My partner @opsimaths found this gem, and not since last year’s poop transplants have I seen such a strong science/poop crossover story. But language is so interesting. When is it better, or more useful, to use “excrement” for “waste”, “poop” for “fecal matter”, “take care of business” for “excretion”?
Click through to see various bloggers’ treatments, and check out a much more extensive list of poop names here.
My thought, though, is that writers have to deal with poop carefully. A poll from PoopReport suggests that 92% of respondents are not ambivalent toward poop. Whether they think it’s funny or gross, there exists quite of bit of language that especially invokes the yin or the yang of animalian digestive tract waste products.
A theatrical director and good friend of mine told me once that “Anyone can say poop and be funny”. This was in the context of trying to stop using it to get quick laughs. When an audience laughs at poop when you say it, it usually has nothing to do with you being a special snowflake comic genius. Instead, it usually has to do with the universality of people’s responsiveness to poop: anyone can say poop and it will be “funny”.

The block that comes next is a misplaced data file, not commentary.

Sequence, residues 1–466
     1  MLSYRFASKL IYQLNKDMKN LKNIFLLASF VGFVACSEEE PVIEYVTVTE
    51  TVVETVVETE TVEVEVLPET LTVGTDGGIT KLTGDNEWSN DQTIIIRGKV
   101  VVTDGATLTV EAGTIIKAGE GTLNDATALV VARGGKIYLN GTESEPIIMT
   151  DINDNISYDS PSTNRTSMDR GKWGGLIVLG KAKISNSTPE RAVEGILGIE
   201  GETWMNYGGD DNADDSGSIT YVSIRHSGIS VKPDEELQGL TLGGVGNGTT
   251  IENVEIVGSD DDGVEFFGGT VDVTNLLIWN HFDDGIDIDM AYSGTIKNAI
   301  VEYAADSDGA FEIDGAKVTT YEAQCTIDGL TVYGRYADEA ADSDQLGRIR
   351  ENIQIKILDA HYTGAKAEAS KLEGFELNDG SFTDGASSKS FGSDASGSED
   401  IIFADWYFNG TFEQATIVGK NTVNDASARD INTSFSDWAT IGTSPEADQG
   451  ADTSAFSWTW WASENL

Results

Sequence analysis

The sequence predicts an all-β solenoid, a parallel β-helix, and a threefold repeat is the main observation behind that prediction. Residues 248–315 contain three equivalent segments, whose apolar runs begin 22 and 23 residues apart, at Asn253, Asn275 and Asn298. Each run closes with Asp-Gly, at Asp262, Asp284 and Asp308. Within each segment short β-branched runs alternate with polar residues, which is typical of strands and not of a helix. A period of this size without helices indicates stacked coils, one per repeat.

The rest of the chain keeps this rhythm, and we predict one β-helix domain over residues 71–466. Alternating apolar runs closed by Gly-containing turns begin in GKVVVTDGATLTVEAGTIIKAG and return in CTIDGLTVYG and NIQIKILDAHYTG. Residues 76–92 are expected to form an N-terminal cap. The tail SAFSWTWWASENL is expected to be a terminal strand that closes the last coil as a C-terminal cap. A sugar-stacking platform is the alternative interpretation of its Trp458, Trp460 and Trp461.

This is surely an oversimplification, as is any reduction of “two sides of a thing” to that of an explicit dichotomy, or yinyang. I’d love to have the time to write some longer creative pieces that try to explore the ideas of waste/poop each in a funny/repulsive light, but I’ll put some rough experiments in the comments. I encourage you to experiment as well, here or in the safety of a smaller or larger audience.